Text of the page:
- Posted by Johanna on July 1, 2008 at 9:09 pm
- Category: Comic News
(This interview was originally published in PiQ #4, July 2008.)
If he’s not the hardest working man in comics, Keith Knight’s definitely one of the top ten. He’s the creator of The K Chronicles, the Harvey and Glyph Award-winning weekly comic strip, as well as the weekly editorial cartoon (Th)ink. At the beginning of May, he launched a new syndicated daily called The Knight Life. That’s in addition to his regular work for MAD and ESPN magazines and, oh yeah, he’s also part of a hip-hop band called the Marginal Prophets.
When asked how he manages to accomplish it all, Knight responds with the classic freelancer’s rationale, leavened with equal parts work ethic and fear. “The thought of having to get a real job. My pregnant wife. Living on the street. Conquering the world. Those thoughts keep me going. I’m not sure how I accomplish it all. I still haven’t worked out a schedule. I just gotta put a full 8 hours in every day.”
That kind of dedication, bordering on insanity, keeps the semi-autobiographical K Chronicles fascinating. Whatever his subject — movies, music, clashing with neighborhood hippies, breast-feeding, world travel — he commits. There doesn’t seem to be any subject he won’t tackle with honesty, humor, and a healthy disrespect for authority, all in his loose, caricature-driven style. He’s very observant, picking up on elements of daily life in a way that makes the reader say “of course, that’s exactly how it is!” His passion makes even the roughest subjects — America’s problems, including politics, racism, injustice, and commercialism — relatable.
One of his personal favorite strips, “41 Shots“, demonstrates his artistic strengths: willingness to confront difficult topics, the personality and individuality of his lettering, the comfortable, bulbous quality of his characters, his skill with the medium of comics. Aside from the consistent reminder of the position of the questioner — a small, harmless character in the corner of the panels — the sound effects figure as both graphic symbols and text, integrating words and pictures in one object.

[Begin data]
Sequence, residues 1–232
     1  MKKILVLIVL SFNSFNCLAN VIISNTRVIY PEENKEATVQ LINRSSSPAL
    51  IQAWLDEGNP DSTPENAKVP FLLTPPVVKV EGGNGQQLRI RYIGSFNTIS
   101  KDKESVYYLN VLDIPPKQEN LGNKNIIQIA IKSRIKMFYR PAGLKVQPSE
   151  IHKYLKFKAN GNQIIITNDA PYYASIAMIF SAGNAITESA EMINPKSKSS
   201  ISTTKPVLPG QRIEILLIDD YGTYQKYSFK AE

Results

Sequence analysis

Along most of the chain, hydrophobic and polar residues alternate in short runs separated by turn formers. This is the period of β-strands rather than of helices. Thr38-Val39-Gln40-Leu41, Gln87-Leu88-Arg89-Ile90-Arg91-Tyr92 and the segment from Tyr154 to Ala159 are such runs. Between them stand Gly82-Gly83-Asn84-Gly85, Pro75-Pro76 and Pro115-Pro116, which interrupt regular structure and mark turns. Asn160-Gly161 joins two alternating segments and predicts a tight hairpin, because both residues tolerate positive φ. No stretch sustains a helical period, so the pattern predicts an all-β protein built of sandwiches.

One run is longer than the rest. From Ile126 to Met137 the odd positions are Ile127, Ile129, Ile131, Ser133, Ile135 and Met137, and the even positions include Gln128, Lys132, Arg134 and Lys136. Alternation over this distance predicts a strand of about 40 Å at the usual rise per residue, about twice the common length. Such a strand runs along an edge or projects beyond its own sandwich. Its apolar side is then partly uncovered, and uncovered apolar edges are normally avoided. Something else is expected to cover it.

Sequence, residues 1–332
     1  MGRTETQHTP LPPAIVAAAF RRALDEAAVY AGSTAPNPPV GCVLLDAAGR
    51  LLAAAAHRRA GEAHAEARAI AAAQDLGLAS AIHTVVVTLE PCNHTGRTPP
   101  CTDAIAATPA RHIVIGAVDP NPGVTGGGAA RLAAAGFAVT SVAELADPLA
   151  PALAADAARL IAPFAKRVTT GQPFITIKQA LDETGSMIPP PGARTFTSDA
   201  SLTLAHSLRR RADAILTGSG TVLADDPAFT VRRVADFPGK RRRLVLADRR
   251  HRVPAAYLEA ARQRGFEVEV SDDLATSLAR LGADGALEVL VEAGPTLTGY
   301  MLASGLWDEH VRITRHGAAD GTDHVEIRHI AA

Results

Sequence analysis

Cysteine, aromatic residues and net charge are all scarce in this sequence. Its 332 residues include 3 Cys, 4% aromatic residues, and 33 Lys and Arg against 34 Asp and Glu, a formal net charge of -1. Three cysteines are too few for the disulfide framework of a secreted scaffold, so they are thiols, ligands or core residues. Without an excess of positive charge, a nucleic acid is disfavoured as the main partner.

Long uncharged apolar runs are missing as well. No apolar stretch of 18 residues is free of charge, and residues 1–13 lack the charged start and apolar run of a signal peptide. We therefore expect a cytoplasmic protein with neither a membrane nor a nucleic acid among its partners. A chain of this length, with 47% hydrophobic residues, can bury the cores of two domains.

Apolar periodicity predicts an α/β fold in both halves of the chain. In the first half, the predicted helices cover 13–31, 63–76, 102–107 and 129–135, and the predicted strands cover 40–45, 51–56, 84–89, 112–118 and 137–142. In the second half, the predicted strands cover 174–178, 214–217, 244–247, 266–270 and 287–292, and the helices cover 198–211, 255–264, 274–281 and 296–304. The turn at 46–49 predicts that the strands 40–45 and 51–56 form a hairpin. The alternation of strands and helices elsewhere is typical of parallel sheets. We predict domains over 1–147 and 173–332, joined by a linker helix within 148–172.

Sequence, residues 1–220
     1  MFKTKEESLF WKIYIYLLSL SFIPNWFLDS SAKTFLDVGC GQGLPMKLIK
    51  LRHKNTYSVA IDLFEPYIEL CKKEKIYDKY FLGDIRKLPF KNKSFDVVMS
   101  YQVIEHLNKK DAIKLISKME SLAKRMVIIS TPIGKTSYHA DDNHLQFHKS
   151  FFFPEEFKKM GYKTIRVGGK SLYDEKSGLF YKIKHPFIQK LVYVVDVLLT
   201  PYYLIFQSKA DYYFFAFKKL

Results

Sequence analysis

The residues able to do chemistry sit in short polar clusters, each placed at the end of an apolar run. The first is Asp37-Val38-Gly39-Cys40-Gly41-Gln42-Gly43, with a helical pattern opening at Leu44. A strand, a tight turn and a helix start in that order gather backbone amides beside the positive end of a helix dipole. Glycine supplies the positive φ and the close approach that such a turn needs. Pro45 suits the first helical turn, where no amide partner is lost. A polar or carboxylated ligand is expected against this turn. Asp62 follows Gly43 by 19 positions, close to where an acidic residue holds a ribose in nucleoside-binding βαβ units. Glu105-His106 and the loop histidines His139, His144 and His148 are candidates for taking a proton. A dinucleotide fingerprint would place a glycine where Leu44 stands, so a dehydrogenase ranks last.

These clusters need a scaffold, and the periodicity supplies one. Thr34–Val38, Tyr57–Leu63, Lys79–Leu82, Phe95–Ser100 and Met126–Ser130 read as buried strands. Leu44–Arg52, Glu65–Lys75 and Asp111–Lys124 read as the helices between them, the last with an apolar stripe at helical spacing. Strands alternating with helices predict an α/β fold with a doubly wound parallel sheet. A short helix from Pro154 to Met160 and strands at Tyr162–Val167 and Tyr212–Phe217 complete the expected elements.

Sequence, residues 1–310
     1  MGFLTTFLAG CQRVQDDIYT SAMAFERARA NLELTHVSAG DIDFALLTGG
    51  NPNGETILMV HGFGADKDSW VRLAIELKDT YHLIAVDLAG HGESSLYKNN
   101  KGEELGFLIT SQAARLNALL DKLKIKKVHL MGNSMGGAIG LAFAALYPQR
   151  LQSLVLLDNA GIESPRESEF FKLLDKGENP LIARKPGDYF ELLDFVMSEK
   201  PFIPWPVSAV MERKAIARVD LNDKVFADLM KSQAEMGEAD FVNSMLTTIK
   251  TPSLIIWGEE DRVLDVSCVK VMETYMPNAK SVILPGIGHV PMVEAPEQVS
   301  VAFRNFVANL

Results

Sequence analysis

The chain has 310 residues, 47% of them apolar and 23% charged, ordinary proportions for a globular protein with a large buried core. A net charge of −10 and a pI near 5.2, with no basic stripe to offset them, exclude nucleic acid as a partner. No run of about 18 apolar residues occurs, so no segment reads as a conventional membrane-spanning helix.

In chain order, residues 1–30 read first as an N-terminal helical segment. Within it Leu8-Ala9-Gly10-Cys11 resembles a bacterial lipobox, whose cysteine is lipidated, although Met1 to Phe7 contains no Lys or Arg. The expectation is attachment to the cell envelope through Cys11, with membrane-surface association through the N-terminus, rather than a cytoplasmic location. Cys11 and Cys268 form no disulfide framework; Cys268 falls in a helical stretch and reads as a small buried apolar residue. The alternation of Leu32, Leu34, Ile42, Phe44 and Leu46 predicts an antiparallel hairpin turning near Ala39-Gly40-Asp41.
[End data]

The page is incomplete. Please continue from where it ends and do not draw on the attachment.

Now Dark Horse is publishing an omnibus edition of his first four comic collections (most of which are out of print). The Complete K Chronicles is over 500 pages of social and political satire from Knight’s unique perspective, reprinting in a larger format strips dating from 1993-2004, along with additional sketches.
After reading a few of his cartoons, you’ll feel like you know Knight, like you’ve spent an evening drinking together or shooting the bull. That feeling is heightened by the occasional author’s comments, new to this edition, which run unobtrusively along the bottom of some of the cartoons. He annotates cameos, talks about his artistic tendencies, and provides trivia (like which character was pitched as a TV cartoon). But according to Knight, the idea that readers know him is the biggest misconception they have about him. He jokes that he’s really “a short, heavy-set Korean girl named Soon-Yi.”
Regardless of their literal truth, his stories of the daily life of an urban artist provide an entertaining glimpse into an alternate lifestyle, that of the ecologically conscious, downtown city dweller. Contained under one cover, this decade of strips, aside from providing a lot of laughs, trace Knight’s growing up. The subjects change from scamming free food, taking drugs, club-going, dating, and roommate problems to joking about nostalgia, sports, and once he’s married, his in-laws.
He also moves into more explicit political content, as with another favorite strip of his, “Once Upon a Time in the Playground, Part Deux“, a fairly accurate prediction of the fate of the Iraq War. His squat, lumpy character style perfectly suits his portrayal of officials as self-centered children.
The amazing range of his subjects demonstrates his creativity. And he stays readable because, even when he’s righteously and rightfully angry, he keeps his positive outlook. If he truly believed things were hopeless, he wouldn’t bother pointing out the problems. This optimism is best seen with his recurring series-within-the-series “Life’s Little Victories”, which celebrates the everyday small things that make a day better. The reader might even learn something, as his strips about working as a freelance artist contain awfully good advice.
Knight is willing to say uncomfortable things and take unpopular positions, but he’s generous with compliments when they’re deserved and appreciative in acknowledging those who’ve influenced him in music, comics, comedy, and more. Ideally, this collection will bring his work to the attention of the wider audience he deserves. For further assistance in keeping up with Knight’s activities, visit his website at kchronicles.com.